734 F2d 1015 State of Wisconsin v. Maryland National Bank H 1960

734 F.2d 1015

STATE OF WISCONSIN (DEPARTMENT OF REVENUE; INCOME SALES,
INHERITANCE & EXCISE TAX DIVISION), Appellant,
v.
MARYLAND NATIONAL BANK, Trustee of Trust created by Rachel
H. Pettit under Agreement dated November 10, 1960; and T.
Hughlett Henry, Jr., Trustee of Trust Created by Rachel H.
Pettit under Agreement dated November 10, 1960, Appellees.

No. 83-1437.

United States Court of Appeals,
Fourth Circuit.

Argued Nov. 1, 1983.
Decided May 22, 1984.

Louis F. Friedman, Baltimore, Md. (Gary P. Aiken, Friedman & Friedman, Baltimore, Md., on brief), for appellant.

Fenton L. Martin, Baltimore, Md. (Daniel H. Honemann, Clapp, Somerville, Honemann & Beach, Baltimore, Md., on brief), for appellees.

Before WIDENER, SPROUSE and CHAPMAN, Circuit Judges.

PER CURIAM:


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1

The State of Wisconsin sued in the Maryland federal district court to enforce a judgment for her inheritance taxes she had obtained in a Wisconsin state court against the defendants, both of whom are citizens of Maryland. The district court declined to give the Wisconsin judgment full faith and credit, holding that the Wisconsin state court lacked personal jurisdiction to enter the judgment sued upon here. We are of opinion the district court did not have jurisdiction to inquire into the validity of the Wisconsin judgment, and thus vacate the judgment of the district court and remand the case with instructions to dismiss for want of jurisdiction.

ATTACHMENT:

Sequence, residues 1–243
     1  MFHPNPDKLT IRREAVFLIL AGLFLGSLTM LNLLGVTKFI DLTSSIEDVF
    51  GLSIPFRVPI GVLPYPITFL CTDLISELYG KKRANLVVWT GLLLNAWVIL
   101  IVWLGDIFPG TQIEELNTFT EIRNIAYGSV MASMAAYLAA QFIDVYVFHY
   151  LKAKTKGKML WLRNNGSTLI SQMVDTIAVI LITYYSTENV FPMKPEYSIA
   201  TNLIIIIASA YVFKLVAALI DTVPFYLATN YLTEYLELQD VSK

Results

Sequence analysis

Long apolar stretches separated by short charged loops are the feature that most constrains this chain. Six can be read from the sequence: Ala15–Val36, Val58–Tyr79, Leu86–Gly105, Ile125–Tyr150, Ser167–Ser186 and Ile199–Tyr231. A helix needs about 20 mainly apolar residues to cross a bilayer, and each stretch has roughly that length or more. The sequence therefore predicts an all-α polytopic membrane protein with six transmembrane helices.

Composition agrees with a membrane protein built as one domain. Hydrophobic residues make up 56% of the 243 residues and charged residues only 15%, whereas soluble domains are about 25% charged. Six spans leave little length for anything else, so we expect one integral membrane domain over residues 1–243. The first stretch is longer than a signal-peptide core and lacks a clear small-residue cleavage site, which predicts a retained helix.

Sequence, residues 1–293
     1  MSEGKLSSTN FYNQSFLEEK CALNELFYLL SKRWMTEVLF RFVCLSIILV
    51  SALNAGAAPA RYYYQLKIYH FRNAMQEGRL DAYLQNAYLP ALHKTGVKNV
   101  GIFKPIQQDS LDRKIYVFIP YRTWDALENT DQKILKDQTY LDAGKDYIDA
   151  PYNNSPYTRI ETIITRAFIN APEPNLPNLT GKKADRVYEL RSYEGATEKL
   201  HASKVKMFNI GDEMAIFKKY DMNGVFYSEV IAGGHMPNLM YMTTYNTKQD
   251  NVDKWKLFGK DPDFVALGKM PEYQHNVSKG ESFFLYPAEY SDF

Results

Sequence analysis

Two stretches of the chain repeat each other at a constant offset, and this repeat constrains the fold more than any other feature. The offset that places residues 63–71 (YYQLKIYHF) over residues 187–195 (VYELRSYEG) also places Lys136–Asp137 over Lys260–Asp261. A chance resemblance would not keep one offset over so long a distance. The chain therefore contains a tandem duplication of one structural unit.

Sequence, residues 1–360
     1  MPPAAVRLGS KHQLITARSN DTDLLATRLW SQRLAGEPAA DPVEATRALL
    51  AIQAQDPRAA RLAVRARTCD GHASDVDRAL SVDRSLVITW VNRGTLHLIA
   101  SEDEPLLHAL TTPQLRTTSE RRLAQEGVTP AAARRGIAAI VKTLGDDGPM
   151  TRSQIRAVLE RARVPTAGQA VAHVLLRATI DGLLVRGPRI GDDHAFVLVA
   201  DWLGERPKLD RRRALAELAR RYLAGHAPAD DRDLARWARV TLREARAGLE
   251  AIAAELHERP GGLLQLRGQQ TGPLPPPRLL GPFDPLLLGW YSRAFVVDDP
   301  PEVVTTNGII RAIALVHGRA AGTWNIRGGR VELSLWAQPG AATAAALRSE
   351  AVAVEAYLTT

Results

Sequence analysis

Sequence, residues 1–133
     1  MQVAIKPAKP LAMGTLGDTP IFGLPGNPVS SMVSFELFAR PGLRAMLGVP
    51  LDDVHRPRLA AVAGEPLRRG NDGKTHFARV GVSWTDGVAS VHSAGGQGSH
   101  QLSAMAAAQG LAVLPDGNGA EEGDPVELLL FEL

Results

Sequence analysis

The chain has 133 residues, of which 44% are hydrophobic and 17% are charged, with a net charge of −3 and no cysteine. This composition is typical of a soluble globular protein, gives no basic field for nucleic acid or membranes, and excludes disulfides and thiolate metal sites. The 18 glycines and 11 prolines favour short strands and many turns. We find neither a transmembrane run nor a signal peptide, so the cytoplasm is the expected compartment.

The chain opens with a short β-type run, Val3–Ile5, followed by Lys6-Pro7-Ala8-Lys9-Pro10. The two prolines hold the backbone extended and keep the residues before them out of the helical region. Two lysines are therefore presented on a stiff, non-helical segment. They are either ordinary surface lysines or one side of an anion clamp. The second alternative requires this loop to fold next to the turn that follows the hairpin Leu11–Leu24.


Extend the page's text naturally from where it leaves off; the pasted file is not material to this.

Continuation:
2

To satisfy the requirements of federal diversity jurisdiction under 28 U.S.C. Sec. 1332(a)(1), there must be a civil action between "citizens of different States." It is settled that a State is not a citizen for purposes of diversity jurisdiction, and that 28 U.S.C. Sec. 1332 does not deal with cases in which a State is a party. Postal Telegraph Cable Co. v. Alabama, 155 U.S. 482, 487, 15 S.Ct. 192, 194, 39 L.Ed. 231 (1894); see Moor v. County of Alameda, 411 U.S. 693, 717, 93 S.Ct. 1785, 1799, 36 L.Ed.2d 596 (1973); Ohio v. Wyandotte Chemicals Corp., 401 U.S. 493, 498 n. 3, 91 S.Ct. 1005, 1009 n. 3, 28 L.Ed.2d 256 (1971); O'Neill v. Early, 208 F.2d 286, 289 (4th Cir.1953). There is thus no diversity of citizenship present here under 28 U.S.C. Sec. 1332.

3

No other jurisdictional base is claimed and apparently none other is present. There is no federal question at issue. 28 U.S.C. Sec. 1251(b)(3), which gives the Supreme Court non-exclusive original jurisdiction over actions by a State against the citizens of another State, does not itself confer jurisdiction on the district courts for such suits. Ohio v. Wyandotte Chemicals Corp., 401 U.S. 493, 498 n. 3, 91 S.Ct. 1005, 1009 n. 3, 28 L.Ed.2d 256 (1971).

4

There being no jurisdiction, the judgment of the district court is vacated and the case is remanded to that court with instructions to dismiss the same for want of subject matter jurisdiction.

5

VACATED AND REMANDED WITH INSTRUCTIONS.